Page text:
Session 123: Ystafell 3
Sex, desire and marriage: medieval Irish

Chair: Micheál Briody

Sexual relations in the Acallam na Senórach: from casual flirts to church-approved marriages

Doris Edel
Universiteit Utrecht

The Acallam contains a great diversity of sexual relations: between humans, humans and supernaturals, and supernaturals. Interestingly, in two of the four canonical marriages one partner is a Connacht royal and the other a being from the Otherworld. Since the beginning of this century scholars have become increasingly interested in the impact of the 12th-century church reform on the work. The Church had two demands: monogamy and consensus. Especially in the highly feudalized societies of northern France and Norman England, the latter demand led to tensions and fantasies that fuelled the emergence of a literature about the various aspects of love, marriage and adultery, beginning in Norman England with Marie de France. The author of the Acallam reacted to the new developments by larding the Acallam with a selection of comparable stories from his own background, highlighting the strong points of his repertoire vis-à-vis the foreign competition.

What she wants: female desire and agency in Táin Bó Froích and Aislinge Óenguso

Joanne Findon
Trent University, Ontario

The shorter remscéla associated with the Táin have not received as much sustained attention as the great medieval Irish epic, and yet they remain of interest for their depictions of female actors. Both Táin Bó Froích and Aislinge Óenguso depict young women who choose the men they will love and who take action to bring about unions with them. Despite its problematic double structure, Táin Bó Froích’s depiction of Findabair’s determination to obtain Froích as a husband in the first section is striking for her focus on obtaining Froích’s love and her refusal to accede to parental control. Similarly, Caer in Aislinge Óenguso pursues the young man of her choice through actions (rather than words), and manages to dictate the terms of their union when he finally finds her. Both women collude with or support the men they desire, deploying their own bodies (Caer inserts herself into Óengus’s dreams, Findabair swims to Froích with a sword) to obtain their chosen mates. Moreover, each woman’s pursuit of her own desires has repercussions beyond the narratives of these remscéla. This paper will analyze the speech and action of these two women to explore the ways in which the tales’ representations of women intersect and contrast with those in the Táin itself.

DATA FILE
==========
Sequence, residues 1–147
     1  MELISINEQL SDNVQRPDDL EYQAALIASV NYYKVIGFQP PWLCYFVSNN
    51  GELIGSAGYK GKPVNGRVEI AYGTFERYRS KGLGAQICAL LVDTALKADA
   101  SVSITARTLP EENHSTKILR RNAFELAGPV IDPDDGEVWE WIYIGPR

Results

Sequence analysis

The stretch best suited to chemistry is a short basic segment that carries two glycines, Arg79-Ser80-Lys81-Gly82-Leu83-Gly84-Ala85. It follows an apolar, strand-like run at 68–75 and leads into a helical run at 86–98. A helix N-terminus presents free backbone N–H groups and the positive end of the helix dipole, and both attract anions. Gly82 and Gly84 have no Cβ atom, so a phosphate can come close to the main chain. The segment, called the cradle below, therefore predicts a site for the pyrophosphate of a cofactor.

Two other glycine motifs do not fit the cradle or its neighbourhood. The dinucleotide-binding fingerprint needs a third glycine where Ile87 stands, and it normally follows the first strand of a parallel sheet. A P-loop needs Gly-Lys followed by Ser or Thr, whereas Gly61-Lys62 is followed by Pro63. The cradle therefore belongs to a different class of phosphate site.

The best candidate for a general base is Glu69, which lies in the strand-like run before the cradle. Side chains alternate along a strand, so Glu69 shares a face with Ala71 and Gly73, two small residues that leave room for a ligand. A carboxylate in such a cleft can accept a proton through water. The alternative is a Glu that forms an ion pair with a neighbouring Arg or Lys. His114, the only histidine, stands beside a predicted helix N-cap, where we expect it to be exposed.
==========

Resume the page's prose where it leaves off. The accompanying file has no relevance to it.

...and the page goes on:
[A] dhiongmhála do mhnaoi agus do bhainchéile: nuptial negotiations in Tóruigheacht Dhiarmada agus Ghráinne

Natasha Sumner
Harvard University

Tóruigheacht Dhiarmada agus Ghráinne enjoys a privileged place within the canon of Early Modern Irish literature. It is often (e.g., Ó Cathasaigh) characterized as a tragic love story—albeit one that is subsumed within a larger biographical narrative about Diarmaid. This is undoubtedly because, while the scope of the narrative is wide, among the most compelling aspects of the story are those concerning Gráinne’s betrothal to an aging Fionn and her orchestrated elopement with the younger and more attractive Diarmaid. That these particular plot points should draw attention is unsurprising; as the cause of Fionn’s unquenchable jealousy, which ultimately leads to Diarmaid’s death, they are pivotal to the story. But they also hold the focus of some modern readers on account of the apparent incomprehensibility of Gráinne’s actions. Kinsella, for instance, balks at the ‘cryptic’ language with which Gráinne responds to Fionn’s initial proposal, seeing it and subsequent actions as reflective of a manipulative and ultimately selfish personality.

Lacking contextualization, Gráinne’s actions may appear less comprehensible and consequently more objectionable to modern readers than they would have to a contemporary audience. This paper seeks to elucidate the nature of Gráinne’s interactions with men through an examination of the text from the dual perspectives of common narrative tropes and Gaelic marriage customs. With regard to the latter, I use Gaelic historical and legal evidence alongside the comparative evidence of the modern folklore record to frame the nuptial negotiations and their breakdown. When examined from these perspectives, Gráinne’s actions—including her ‘cryptic’ language—appear both comprehensible and contingent.